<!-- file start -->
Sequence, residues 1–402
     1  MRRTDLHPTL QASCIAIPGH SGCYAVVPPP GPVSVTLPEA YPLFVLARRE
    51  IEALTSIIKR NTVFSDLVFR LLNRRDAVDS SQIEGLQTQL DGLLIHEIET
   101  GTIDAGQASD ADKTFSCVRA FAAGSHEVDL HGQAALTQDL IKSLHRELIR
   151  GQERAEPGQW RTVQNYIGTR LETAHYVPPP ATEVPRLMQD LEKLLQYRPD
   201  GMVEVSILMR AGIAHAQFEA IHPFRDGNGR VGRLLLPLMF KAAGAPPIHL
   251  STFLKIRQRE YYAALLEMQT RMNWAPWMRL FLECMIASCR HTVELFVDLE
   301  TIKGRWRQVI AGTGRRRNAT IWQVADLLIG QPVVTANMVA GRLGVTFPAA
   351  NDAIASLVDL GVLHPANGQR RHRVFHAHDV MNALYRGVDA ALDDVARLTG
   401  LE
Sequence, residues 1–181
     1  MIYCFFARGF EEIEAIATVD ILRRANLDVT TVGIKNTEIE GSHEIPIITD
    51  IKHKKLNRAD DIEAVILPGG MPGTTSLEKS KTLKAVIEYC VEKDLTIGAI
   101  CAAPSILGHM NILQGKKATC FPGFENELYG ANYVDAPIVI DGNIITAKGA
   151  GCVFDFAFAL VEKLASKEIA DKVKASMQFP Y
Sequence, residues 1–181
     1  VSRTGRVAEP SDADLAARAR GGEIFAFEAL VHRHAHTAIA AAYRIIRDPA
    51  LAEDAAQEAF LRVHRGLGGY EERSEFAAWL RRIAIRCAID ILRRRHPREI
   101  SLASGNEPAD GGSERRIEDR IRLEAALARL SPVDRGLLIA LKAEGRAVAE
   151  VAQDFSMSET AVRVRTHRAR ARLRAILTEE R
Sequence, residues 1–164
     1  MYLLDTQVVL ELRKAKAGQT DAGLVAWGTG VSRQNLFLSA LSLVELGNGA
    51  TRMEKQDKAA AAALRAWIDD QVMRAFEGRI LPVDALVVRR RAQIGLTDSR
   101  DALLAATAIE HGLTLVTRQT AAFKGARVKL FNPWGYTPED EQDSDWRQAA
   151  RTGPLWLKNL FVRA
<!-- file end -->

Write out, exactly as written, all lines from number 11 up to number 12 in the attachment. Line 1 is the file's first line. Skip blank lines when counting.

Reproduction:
Sequence, residues 1–181
     1  MIYCFFARGF EEIEAIATVD ILRRANLDVT TVGIKNTEIE GSHEIPIITD